I miraculously recovered my health and worked my way through college and graduated when I was 29 years old, one year earlier that I had expected. I had been saved from death solely because of the doctrine of the Shin Sect. I believe that I would have never made it, if I had never heard the teachings of the Buddha. To repay for what had been given to me, I wanted to do some service for society as a whole.

At the time it occurred to me that I could introduce this wonderful Buddhism to the American people. I couldn’t materially repay the kindness I had received but I could repay spiritually in this way, which I felt was the best way. However, the anti-Japanese sentiment was growing stronger and it was almost impossible to teach Buddhism directly. So at first, I tried to introduce Oriental culture in general. I took the lead in publishing an English magazine called, “The Pacific World,” in collaboration with some students from Stanford University and the University of California. Oriental culture, such as the tea ceremony and the martial arts, has been greatly influenced by Buddhism. In giving the outline of Oriental culture I meant to propagate Buddhism indirectly. I decided to publish about 4,000 copies of this periodical bimonthly, sending it to all of the major universities and libraries in the United States. We started our project in June 1925.

We were able to continue for two years, with the support of some professors and occasional donations made by a few bankers. But, at the end of the second year, we were faced with financial difficulties. These copies were mostly distributed free of charge, and certainly were not best sellers. I returned to Japan with some friends, hoping to find some solution. We were fortunate enough to receive a large contribution and encouragement from Mr. Eiichi Shibusawa, a grand old man in the financial world in those days and a strong supporter of the Hongwanji Temple. At the same time, we heard of Professor Junjiro Takakusu of Tokyo University, who was publishing a Buddhist mission magazine but was also plagued with lack of funds. His purpose was the same as ours, so we got together and began to publish the same periodical, using both magazine covers, “The Young East” and “The Pacific World” respectively.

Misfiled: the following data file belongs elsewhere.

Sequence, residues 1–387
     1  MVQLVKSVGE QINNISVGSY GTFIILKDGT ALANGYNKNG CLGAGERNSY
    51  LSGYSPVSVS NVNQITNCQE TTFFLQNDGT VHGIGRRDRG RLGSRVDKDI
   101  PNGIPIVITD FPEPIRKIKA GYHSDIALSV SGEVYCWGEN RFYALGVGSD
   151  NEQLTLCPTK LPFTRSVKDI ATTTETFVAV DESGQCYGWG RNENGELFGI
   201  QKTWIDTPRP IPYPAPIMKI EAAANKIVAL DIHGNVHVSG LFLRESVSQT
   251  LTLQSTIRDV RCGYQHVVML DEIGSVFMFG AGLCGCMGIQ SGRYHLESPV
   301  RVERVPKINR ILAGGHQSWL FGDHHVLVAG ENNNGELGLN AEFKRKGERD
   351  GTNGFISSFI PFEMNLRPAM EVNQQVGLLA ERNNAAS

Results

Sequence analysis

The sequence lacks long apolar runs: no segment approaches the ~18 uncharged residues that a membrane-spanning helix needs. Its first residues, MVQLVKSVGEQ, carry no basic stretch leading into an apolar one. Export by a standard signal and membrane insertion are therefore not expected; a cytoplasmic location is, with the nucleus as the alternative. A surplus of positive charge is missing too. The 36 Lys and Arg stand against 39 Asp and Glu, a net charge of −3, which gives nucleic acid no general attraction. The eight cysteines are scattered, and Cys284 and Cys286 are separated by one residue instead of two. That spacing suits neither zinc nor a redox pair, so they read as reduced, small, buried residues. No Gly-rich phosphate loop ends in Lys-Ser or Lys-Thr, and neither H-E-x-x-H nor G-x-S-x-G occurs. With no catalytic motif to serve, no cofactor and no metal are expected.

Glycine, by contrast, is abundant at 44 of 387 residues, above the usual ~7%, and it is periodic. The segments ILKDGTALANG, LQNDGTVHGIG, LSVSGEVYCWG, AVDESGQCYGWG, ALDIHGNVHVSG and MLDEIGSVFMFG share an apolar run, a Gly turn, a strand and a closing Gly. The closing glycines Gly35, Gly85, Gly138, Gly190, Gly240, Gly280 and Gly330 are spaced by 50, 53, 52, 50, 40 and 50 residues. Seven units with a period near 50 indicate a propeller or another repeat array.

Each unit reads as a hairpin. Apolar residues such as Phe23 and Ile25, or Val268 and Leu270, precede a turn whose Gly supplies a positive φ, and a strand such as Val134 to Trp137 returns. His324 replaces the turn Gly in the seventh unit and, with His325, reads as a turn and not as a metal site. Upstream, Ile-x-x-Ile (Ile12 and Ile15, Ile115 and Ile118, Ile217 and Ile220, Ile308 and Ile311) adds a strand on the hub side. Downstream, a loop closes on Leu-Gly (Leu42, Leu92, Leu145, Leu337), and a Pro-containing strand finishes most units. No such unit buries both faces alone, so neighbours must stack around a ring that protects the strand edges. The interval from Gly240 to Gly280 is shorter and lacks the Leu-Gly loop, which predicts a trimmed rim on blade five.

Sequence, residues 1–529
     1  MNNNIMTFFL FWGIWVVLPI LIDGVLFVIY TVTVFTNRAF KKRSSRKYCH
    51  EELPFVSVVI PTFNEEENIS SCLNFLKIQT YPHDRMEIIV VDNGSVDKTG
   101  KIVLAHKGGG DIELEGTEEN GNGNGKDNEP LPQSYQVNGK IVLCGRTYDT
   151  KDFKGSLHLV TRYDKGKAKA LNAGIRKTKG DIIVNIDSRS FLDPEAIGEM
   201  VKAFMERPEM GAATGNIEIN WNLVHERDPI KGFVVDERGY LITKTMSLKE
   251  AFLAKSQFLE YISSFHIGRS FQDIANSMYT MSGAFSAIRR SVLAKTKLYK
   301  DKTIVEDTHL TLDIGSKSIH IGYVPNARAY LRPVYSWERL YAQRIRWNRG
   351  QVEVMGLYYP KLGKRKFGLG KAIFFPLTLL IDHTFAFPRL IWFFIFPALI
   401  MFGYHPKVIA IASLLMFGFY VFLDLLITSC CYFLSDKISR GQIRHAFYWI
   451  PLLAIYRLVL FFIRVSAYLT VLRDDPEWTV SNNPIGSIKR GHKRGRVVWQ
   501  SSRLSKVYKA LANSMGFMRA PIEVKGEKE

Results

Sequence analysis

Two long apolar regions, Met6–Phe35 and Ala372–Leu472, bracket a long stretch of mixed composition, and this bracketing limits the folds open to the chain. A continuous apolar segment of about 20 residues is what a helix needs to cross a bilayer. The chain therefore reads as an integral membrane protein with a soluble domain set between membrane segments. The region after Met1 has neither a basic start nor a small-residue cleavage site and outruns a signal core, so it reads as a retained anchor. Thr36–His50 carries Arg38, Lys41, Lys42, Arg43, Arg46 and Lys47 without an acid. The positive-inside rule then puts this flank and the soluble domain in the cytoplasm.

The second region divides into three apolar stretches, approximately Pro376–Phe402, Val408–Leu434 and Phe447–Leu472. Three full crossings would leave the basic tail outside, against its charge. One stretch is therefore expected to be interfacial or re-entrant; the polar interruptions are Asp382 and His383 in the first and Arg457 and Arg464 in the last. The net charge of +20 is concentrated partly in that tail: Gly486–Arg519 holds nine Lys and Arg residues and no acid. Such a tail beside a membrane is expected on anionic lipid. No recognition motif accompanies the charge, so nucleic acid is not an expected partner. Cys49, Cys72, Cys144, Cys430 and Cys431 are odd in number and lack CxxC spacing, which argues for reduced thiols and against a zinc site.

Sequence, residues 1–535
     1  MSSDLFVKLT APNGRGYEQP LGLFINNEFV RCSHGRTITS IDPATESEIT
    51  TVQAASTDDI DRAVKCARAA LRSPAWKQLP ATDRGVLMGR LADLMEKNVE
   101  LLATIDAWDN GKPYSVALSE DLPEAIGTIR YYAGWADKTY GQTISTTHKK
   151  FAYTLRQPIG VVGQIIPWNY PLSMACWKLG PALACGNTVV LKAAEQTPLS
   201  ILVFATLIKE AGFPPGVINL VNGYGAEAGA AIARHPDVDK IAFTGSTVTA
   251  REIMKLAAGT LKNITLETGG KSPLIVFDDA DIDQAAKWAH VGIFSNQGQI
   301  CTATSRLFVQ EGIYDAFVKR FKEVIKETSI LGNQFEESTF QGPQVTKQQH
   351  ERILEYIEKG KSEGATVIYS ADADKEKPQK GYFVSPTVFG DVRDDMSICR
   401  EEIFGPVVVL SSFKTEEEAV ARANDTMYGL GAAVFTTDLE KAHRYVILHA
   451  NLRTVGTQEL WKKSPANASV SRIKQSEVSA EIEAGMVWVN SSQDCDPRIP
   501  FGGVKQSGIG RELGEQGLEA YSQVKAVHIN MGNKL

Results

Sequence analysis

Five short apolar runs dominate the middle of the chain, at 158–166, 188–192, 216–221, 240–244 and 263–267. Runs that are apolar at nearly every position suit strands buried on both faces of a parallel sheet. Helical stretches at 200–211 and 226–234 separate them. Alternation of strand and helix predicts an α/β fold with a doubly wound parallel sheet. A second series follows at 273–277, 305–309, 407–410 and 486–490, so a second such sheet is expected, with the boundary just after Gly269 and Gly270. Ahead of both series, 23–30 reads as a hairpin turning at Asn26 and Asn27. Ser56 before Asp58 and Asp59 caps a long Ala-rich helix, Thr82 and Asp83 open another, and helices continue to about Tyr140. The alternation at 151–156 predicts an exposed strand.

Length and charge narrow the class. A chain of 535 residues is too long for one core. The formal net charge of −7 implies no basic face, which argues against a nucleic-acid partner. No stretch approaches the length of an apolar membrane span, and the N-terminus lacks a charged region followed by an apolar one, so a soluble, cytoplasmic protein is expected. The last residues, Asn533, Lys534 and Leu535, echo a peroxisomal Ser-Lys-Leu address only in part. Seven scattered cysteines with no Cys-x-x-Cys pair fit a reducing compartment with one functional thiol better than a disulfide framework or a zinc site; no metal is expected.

I went back to the United States and did the best that I could for two more years. But again, the lack of sufficient and regular funds put the project to an end. What a pity that I had to fail after all the effort I put into my work. I was already 33 years old. Thinking over the various reasons I came to the realization that in this economic world one had to have money to accomplish anything. I made a firm decision that I would not depend on others’ funds, but only on my own income. I would never again annoy anyone financially. I returned to Japan firm in my determination. This was in the year 1930.

When I returned to Japan this time, I found the Japanese financial world in the depths of a depression, caused by the lifting of the gold embargo by the Hamaguchi Cabinet. Though it was difficult finding employment, I was fortunate enough to find a job in a public office, the Resources Agency of the Cabinet, as I had studied the statistics of economic fluctuations while I was in the United States. This job enabled me to live independently.

But I couldn’t bear to be a civil servant all my life. I couldn’t fit myself into a salaried man’s life style pattern, even though I knew that it would be a stable job with perhaps even a bright future. Nevertheless, in order to start over again and do what I had failed at before, I had to earn money. I had no savings; but I certainly didn’t want to earn money by worrying or troubling others. Such an income wouldn’t have true value, even if it were used for a good cause. After a while, however, I came to feel that I had to serve society more directly at the same time as I was earning money. But how? This problem weighed heavily on me. Then, by luck, I happened to hit upon the idea of manufacturing something which had never been produced in Japan before, something which hitherto had to be imported at great costs. It had to be something that people would be glad to have and would market well. It took a lot of time for me to arrive at the final concept of my idea.

The automobile and airplane industries were not yet overcrowded and too competitive. “A crab makes his house according to his ability.” As in this saying, I considered myself a crab and I looked for an industry in which I could start with a small factory and gradually expand its business.